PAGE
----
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Hazard, H. W. (ed.) / Volume III: The fourteenth and fifteenth centuries

VIII: The Hospitallers at Rhodes, 1306-1421,   pp. 278-313 PDF (20.9 MB)

Page 287

lost their predominance at Rhodes when the Hospitallers enforced the papal
prohibitions against trading in war materials with the Moslems, the importance
of which Villaret had stressed in his crusad ing tract. The Hospital confiscated
a Genoese galley, and in 1311 Antonio Spinola arrived from Genoa to demand
its return, having incidentally captured Vignolo between Candia and Rhodes.
Spinola and the Genoese, meeting a refusal, offered 50,000 forms to the Turks
of Menteshe to attack Rhodes. Numerous merchants from Rhodes were arrested
on the mainland, and Genoese and Turkish galleys seized Hospitaller vessels
bound for Rhodes. In 13 12, how ever, the Hospitaller fleet pursued twenty-three
Turkish ships to Amorgos in the Cyclades; when the Turks landed, the Hospitallers
burned their ships and destroyed or captured almost the entire force, themselves
losing some fifty or more brethren and three hundred foot, a serious loss.
Marino Sanudo Torsello, who was at Rhodes with Villaret, had high praise
for the way in which the master curbed the power of Orkhan, emir of Menteshe,
and incited the other emirs against him. The Hospitallers took Cos and occupied
certain castles on the mainland. In May 1313 Villaret seized more Genoese
ships, including two galleys, but later the Genoese presumably reached an
agreement with him. A period of peace followed. 10 
The Venetians, traditionally anticlerical and opportunistic in cru sading
affairs, were always hostile to the Hospital, although there were usually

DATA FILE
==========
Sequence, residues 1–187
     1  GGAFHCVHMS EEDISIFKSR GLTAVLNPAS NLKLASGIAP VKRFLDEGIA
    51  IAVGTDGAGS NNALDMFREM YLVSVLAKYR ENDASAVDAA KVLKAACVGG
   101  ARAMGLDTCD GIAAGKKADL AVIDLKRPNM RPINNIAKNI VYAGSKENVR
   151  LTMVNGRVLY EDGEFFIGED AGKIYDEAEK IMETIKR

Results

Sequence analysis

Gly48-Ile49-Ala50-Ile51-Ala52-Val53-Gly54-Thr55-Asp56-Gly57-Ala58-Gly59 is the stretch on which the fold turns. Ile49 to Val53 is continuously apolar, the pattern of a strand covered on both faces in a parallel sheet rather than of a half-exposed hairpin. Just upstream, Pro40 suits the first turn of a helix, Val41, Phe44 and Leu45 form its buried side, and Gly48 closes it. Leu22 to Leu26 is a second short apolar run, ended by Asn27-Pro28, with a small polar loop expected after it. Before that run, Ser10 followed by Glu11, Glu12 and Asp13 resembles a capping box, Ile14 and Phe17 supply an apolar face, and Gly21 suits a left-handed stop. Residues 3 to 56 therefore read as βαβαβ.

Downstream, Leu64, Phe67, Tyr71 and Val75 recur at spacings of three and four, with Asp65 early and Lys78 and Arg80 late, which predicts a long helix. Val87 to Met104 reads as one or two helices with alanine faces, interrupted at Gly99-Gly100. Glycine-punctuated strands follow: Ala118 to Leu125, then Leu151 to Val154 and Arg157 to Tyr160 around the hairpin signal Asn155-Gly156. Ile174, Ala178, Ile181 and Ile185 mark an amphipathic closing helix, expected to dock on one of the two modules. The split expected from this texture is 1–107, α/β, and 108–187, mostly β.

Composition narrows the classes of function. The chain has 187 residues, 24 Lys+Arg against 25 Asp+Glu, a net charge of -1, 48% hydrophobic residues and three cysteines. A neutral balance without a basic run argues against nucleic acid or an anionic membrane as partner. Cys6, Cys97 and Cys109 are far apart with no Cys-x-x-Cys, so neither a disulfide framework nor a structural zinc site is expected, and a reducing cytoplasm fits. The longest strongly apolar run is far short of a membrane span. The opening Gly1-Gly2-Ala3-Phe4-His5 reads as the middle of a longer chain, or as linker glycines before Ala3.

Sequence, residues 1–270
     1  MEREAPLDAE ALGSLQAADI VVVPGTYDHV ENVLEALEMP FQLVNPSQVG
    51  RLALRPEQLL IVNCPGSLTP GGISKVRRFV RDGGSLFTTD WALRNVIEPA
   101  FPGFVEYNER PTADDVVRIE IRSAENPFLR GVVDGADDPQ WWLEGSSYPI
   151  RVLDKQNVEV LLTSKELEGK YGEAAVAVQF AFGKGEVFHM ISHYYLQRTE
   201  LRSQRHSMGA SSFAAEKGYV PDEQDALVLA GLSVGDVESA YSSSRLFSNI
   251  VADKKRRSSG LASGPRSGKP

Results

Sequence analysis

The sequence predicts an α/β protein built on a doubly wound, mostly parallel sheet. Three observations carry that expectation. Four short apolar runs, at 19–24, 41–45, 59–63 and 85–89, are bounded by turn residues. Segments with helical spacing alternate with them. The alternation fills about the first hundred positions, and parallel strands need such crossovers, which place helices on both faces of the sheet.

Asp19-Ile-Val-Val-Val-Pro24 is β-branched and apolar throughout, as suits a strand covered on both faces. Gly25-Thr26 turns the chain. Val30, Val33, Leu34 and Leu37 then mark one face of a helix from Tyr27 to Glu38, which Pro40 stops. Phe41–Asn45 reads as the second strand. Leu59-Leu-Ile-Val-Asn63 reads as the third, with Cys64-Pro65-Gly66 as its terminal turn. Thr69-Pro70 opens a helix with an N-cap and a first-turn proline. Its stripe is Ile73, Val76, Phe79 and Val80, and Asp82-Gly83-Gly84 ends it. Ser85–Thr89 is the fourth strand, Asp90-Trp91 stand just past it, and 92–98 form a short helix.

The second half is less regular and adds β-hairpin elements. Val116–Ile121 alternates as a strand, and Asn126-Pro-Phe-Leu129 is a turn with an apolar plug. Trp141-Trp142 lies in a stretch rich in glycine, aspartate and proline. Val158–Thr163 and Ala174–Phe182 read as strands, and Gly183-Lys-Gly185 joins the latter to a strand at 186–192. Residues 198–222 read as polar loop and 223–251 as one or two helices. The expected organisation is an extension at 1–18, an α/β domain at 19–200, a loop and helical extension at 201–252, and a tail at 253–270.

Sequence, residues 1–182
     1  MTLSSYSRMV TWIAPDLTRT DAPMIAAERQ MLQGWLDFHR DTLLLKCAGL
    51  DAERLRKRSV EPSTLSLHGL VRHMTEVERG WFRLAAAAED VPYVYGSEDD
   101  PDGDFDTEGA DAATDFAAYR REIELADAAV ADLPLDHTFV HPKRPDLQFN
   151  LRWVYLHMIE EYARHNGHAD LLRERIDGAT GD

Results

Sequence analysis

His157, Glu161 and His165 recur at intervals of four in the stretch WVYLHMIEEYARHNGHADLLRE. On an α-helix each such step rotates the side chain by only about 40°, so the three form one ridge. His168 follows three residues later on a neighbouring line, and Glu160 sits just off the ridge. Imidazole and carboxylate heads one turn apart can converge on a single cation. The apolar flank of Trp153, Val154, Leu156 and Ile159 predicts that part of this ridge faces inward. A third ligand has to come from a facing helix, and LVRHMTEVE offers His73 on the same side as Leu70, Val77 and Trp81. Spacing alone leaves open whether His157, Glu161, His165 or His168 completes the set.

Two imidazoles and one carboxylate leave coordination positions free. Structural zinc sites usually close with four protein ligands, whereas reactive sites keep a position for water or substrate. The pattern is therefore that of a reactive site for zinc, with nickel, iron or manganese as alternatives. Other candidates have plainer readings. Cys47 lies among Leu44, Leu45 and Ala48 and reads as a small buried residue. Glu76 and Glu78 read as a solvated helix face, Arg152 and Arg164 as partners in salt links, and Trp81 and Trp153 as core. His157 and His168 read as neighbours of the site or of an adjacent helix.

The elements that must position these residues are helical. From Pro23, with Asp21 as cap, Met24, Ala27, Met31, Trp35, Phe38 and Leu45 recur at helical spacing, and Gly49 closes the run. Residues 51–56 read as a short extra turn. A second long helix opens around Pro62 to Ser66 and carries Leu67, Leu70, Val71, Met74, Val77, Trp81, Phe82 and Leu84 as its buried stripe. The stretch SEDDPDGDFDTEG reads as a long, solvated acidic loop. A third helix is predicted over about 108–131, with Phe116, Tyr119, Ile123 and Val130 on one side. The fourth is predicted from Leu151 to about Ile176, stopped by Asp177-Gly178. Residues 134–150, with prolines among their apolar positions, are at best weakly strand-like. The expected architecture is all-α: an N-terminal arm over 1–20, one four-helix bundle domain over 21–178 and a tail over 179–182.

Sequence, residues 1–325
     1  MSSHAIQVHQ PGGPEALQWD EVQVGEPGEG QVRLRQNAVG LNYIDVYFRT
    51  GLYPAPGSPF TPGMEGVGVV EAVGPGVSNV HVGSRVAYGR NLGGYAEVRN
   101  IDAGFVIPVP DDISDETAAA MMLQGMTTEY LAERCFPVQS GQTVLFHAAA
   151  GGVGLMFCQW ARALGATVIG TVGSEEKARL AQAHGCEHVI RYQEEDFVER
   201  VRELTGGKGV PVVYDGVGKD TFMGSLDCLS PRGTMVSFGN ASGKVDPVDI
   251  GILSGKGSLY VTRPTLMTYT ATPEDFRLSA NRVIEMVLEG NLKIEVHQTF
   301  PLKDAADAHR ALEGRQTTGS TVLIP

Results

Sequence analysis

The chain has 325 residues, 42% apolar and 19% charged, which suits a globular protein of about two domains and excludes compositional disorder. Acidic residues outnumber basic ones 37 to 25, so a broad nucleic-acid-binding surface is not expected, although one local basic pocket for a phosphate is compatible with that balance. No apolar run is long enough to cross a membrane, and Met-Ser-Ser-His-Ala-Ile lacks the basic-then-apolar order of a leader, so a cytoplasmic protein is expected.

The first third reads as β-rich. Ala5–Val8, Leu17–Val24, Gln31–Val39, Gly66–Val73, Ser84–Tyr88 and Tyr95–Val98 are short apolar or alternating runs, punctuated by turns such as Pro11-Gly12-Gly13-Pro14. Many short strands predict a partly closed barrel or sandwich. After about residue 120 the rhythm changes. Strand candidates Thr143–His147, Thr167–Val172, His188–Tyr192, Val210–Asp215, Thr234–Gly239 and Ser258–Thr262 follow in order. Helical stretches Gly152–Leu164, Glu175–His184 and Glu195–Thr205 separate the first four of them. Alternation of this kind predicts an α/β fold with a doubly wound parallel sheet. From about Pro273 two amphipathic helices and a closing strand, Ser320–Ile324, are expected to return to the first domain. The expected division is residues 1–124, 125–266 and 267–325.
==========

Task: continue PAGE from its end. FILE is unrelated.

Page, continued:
Venetian traders at Rhodes and circumstances often forced the two powers
into uneasy alliance. The Venetians, like the Genoese, protested against
the enforcement of the papal restrictions on trade, and were angered when
in about 1312 the Hospitallers seized Carpathos and the other islands between
Rhodes and Crete from Andrew Cornaro. In 1312 and 13 14 the Venetian government
sequestered Hospitaller funds in transit at Venice, and even after the return
of the occupied islands to the Venetians in 13 16 there were continual incidents
and quarrels.11 Villaret, still far from secure at Rhodes and unable to rely
on Genoese or Venetian support, carefully maintained close relations with
James II of Aragon, ignoring papal instructions of 13 12 that the Hospital
should intervene against the Catalans in Greece. 12 In Aragon, Catalonia,
and Valencia the fate of the lands of the Temple and of those of the Hospital
was in the balance until 1317. Certain influential Catalan Hospitallers con
10. Delaville Le Roulx, Rhodes, pp. 4—7, 10—11; Luttrell. "Feudal
Tenure," pp. 755— 
757. No more is heard of Vignolo. Statistics concerning forces and losses
should be treated with caution. 
11. Luttrell, "Venice," pp. 196—197, 202. 
12. See above, pp. 181—182. 

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